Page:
I said, "Just one thing. Did you sit down with a panel of advisors to discuss my challenge to play table tennis? Like, would it be good for your brand, or did it have the potential to cause damage, or - "
"No," she interrupted. "You texted me, and I asked the office to set a time."
English! Did you hear that, Bill English? O frightened little Prime Ministerial chicken, hiding in the shadows - how do you live with yourself? When will you finally accept my challenge to play table tennis?
I'm doing you a favour, mate; God knows you've been running a dreary campaign, and here's a chance to show you've got something in the tank. You have till Monday to accept. Ditch the advisors. Forget what middle New Zealand might or might not think. Stand on your own two feet.
Ardern texted me with a photo the night before our game. A net had been set up over her kitchen table (nice wood finish), and she was playing table tennis with her partner Clarke Gayford. She wrote, "Someone's a bit competitive...and it's not me."
Yeah, as they say, right. She sprang into life in game two, and was a lithe, dynamic athlete who moved around the table with speed and very, very good feet.
She played the angles. She had me running from side to side. In fact I was able to run to one side but not the other, and she ruthlessly gained six points by stroking the ball way beyond my reach.
Her own reach was awesome to behold - long arms, excellent hand-eye co-ordination - and she was easily the fittest party leader who I've played in the series.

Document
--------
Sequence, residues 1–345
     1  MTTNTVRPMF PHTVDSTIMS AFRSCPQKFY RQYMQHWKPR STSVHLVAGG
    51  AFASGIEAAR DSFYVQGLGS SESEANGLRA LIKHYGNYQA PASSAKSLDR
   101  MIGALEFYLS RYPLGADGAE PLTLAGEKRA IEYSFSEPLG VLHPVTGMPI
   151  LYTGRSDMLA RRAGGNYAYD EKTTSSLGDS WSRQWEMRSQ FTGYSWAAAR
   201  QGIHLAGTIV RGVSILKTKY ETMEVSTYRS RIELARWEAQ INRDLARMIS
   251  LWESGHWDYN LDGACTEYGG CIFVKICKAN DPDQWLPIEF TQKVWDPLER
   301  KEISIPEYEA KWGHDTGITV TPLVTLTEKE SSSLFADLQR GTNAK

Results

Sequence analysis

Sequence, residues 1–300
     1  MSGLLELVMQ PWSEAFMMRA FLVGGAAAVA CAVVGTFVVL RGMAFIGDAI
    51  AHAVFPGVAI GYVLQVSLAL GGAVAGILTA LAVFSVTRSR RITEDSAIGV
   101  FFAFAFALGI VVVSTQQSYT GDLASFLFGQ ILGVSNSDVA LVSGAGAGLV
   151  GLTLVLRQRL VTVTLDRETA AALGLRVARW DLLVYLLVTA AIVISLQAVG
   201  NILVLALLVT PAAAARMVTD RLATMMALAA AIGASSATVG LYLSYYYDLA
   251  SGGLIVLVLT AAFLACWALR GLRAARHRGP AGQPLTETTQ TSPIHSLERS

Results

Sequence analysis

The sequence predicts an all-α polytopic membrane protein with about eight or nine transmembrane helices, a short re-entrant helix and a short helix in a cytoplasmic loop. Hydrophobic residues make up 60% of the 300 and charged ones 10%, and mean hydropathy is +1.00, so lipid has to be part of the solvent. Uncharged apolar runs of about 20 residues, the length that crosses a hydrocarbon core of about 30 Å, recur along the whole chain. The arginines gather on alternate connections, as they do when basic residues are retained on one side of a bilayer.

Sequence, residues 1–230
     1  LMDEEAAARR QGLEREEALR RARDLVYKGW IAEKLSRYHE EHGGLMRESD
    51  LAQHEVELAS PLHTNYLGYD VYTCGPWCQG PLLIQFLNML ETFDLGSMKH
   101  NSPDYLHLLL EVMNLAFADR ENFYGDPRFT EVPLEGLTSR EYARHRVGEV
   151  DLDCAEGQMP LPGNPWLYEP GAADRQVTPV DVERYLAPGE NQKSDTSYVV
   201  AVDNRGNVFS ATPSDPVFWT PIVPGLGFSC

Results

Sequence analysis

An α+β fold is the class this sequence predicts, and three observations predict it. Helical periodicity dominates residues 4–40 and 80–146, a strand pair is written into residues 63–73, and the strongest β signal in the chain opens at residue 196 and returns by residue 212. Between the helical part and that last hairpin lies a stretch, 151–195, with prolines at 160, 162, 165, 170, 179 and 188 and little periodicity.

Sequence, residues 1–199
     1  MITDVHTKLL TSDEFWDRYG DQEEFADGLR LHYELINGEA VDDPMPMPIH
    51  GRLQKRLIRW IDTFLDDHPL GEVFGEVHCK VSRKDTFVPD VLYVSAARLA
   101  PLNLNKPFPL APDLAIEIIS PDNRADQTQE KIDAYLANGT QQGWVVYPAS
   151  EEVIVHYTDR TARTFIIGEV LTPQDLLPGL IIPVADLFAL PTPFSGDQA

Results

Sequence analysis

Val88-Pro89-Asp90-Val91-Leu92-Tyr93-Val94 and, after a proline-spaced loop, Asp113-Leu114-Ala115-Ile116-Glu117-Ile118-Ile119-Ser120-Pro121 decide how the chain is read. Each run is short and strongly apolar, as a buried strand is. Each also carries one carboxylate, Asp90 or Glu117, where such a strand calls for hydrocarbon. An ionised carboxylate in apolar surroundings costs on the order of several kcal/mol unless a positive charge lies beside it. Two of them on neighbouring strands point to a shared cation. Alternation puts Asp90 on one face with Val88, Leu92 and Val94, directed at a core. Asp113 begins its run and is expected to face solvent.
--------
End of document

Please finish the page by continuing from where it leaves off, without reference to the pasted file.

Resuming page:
The greatest test of fitness in table tennis is having to chase after the goddamned ball when it leaves the table. Old men such as Peter Dunne, Te Ururoa Flavell and myself creaked and groaned as they bent over to get it; Ardern raced to the ball like a puppy, and picked it up without effort or exhalation.
Anyway she won 21-15. I wasn't happy about it, not happy at all. My own death had been foretold: a political commentator wrote of Ardern in the first, feverish days of her Labour leadership, "On this form, she'd wipe the journalist Steve Braunias off the table if he invites her to his pre-election ping pong challenge."
She had the momentum. I was flat-footed, luckless, on the ropes: I knew what it was like to be Bill English. We stood together at the side of the table and she laughed in my face. I said, "Let's analyse the game you just played. What would you say were your strengths?"
She said, "It was more a case of recognising your weaknesses, and exploiting them."
It was as though a chill breeze entered the Gillies Ave stadium and struck at my heart. I said, "People like to think of politicians as ruthless. Do you have that quality, do you think?"